What is TCPA compliance?

Telephone Consumer Protection Act (TCPA ) requires advertisers and marketers to conform to rules and regulations of telemarketing calls. TCPA regulates auto dialed calls, artificial voice calls to wireless phone numbers, telemarketing calls, prerecorded calls, unsolicited faxes, and text messages.

Currently, the TCPA prohibits using an artificial or auto dialer or prerecorded voice to make calls to cell phones, not unless the caller has obtained the prior express consent of the called party. Telemarketers need to have prior express written consent to do the same thing. Telemarketers will also need this form of written consent for all prerecorded telemarketing calls placed on landlines. TCPA is also the authority to create the National Do Not Call List (DNC). The Federal Communications Commission (FCC) is mandated to issue rules and regulations implementing the Telephone Consumer Protection Act TCPA.

What are Telephone Consumer Protection restrictions?

TCPA’s restrictions on collection calls under Federal Communications Commission rules

The Federal Communications Commission has determined that debt collection calls are not telemarketing calls.

The Federal Communications Commission issued a report on February 15, 2012, that updates and clarifies various provisions of the TCPA. FCC ruled that prerecorded debt collection calls to wireless numbers are made with the consumer’s prior express consent, if the customer has given the cell phone number to the creditor for use in regular business communications, like in a credit application.

The FCC also offered in the order a non-exhaustive list of other kinds of calls that are not included in the written consent requirement reserved for telemarketing calls. Such calls include research and survey calls, white collar criminals alert to the extent they do not contain telemarketing messages as well.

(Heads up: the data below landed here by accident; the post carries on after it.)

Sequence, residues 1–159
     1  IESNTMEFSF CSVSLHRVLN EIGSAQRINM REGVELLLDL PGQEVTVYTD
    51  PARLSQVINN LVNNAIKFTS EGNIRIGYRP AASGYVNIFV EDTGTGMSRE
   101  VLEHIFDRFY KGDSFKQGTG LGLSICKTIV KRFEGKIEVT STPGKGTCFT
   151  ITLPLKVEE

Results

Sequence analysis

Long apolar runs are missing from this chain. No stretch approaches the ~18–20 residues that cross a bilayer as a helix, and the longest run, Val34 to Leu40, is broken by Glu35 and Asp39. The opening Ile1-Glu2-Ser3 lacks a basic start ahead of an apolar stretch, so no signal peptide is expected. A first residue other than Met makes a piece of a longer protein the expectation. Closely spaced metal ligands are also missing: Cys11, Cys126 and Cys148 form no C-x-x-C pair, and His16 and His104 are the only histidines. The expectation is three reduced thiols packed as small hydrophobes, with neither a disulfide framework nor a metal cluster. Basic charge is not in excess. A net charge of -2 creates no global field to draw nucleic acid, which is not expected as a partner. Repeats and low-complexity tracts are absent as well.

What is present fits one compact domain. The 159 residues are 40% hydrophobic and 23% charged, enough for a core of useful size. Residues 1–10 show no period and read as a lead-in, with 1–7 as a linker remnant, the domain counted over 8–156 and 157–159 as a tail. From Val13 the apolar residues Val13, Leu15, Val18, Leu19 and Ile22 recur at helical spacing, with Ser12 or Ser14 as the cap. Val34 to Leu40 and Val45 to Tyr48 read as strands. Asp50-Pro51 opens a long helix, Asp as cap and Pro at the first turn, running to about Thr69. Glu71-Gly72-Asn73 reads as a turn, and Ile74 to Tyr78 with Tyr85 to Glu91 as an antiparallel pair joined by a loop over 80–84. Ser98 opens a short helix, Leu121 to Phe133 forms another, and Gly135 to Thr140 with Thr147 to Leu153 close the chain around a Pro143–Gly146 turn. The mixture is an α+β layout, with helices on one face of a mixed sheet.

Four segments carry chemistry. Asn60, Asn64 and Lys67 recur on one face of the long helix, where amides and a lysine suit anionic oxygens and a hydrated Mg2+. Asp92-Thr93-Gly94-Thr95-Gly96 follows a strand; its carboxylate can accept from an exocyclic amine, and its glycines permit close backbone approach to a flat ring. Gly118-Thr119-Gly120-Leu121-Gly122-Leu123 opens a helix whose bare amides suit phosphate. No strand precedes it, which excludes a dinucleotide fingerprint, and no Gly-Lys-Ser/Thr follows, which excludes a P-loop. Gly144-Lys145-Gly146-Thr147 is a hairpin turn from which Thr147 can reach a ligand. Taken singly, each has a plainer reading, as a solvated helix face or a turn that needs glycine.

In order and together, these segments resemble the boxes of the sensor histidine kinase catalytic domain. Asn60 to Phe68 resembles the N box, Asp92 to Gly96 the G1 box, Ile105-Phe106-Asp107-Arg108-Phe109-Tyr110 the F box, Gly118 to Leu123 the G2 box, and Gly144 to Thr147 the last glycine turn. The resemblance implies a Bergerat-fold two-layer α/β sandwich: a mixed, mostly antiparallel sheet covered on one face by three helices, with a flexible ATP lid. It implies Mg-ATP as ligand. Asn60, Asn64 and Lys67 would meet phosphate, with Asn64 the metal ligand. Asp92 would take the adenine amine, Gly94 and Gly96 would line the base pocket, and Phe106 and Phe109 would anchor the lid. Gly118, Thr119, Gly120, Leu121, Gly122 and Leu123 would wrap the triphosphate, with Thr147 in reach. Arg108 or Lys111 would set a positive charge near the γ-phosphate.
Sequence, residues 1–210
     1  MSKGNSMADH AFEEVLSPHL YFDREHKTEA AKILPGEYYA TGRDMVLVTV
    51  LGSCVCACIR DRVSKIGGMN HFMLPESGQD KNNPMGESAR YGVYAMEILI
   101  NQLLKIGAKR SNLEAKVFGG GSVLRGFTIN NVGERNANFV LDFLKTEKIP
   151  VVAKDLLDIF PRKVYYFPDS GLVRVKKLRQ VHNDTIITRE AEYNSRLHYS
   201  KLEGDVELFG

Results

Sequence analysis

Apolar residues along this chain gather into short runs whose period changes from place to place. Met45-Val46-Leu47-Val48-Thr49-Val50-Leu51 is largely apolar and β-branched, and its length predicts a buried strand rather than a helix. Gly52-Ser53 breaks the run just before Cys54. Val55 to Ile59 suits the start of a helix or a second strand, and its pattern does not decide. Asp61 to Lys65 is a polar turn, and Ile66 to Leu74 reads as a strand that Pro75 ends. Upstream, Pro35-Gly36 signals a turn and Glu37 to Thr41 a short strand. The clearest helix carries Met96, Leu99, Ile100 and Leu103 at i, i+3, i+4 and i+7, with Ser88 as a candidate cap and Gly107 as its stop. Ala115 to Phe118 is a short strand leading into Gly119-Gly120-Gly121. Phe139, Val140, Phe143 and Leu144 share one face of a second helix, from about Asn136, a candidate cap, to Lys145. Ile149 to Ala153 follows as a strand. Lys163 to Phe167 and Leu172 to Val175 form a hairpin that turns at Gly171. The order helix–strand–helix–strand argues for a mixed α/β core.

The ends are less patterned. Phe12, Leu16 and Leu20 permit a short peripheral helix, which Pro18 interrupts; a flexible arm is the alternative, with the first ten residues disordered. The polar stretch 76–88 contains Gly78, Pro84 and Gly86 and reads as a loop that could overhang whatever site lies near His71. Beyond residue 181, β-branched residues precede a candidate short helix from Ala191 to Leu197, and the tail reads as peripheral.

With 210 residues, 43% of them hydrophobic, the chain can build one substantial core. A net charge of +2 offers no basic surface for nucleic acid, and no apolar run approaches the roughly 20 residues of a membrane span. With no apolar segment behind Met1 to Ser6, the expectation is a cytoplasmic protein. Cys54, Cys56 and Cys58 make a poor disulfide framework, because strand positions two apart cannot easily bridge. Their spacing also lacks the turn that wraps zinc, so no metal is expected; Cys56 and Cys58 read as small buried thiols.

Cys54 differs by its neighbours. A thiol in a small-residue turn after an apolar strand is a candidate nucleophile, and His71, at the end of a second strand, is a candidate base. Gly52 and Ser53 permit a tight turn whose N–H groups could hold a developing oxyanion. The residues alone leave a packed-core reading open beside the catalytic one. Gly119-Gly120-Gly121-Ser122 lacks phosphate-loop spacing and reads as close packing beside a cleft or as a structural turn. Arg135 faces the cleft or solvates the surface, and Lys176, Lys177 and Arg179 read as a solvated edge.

What are the TCPA’s restrictions on advertising and telemarketing under FCC rules?

  1. A residential telephone number on the national do not call registry
  2. Any residential phone subscriber before the hour of eight o’clock and nine o’clock

Exceptions include calls:

  1. Calls made for emergency purposes
  2. Calls or text messages that deliver food and drug message
  3. Phone calls that are manually dialed and do not have a pre-recorded message
  4. Made by the tax-exempt nonprofit organization

Companies that are seeking to implement an effective TCPA and DNC compliance policy must make sure their employees check their call lists against the DNC applicable database and are updated on TCPA restrictions before calling consumers.

TCPA litigation growth

The lucrative TCPA has provided a way to cottage industry of TCPA plaintiffs law firms. These firms actively recruit friends, clients, and even law students who are willing to act as class representatives for actions. Firms are also joining together to split legal expenses in the hopes that shared investment can generate major rewards. With such significant financing backing, these litigations have the potential to devastate the business they target.

How to report illegal robocalls?

There is an application for that this onslaught against business has had many marketers, and even industry trade groups, predicting that the Federal Communication Commission will clarify TCPA rules and regulations to protect enterprises to what some may consider against frivolous lawsuits. In fact, there are various mobile phone apps that make it easier than ever to report unwanted phone calls.

Definition of auto dialer under TCPA

TCPA dialer 2019: What is an auto dialer?

The definition of what qualifies as an automatic telephone dialing system (autodialer or ATDS) is a crucial issue for any company that sends text messages, and places calls to consumers. Last year in case no 15-1211 (DC circuit 2019), the circuit split the FCC definition of an autodialer in ACA international versus FCC. Since then, courts have had a diverged approach to the term auto dialer. In this section, we revisit the relevant information of the court’s decision in ACA intl, related cases, and chairman Pai concerns regarding the atd definition in TCPA.



2015 Declaratory ruling on FCC interpretation of auto dialer

ATDS under the TCPA is defined as a device with the capacity to store or produce telephone numbers to be called, utilizing a random or sequential number generator and to dial such numbers. The court held that in 2015, the FCC adopted an overly expansive definition. In its 2015 declaratory ruling, the FCC defined equipment as an autodialer in case it had the potential capacity to dial random or sequentially generated numbers, even though the capacity could be added only via specific modifications. Under this interpretation, any equipment that could be modified to dial numbers randomly or sequentially would be an autodialer. And thus subjected the caller to potential liability under the statute.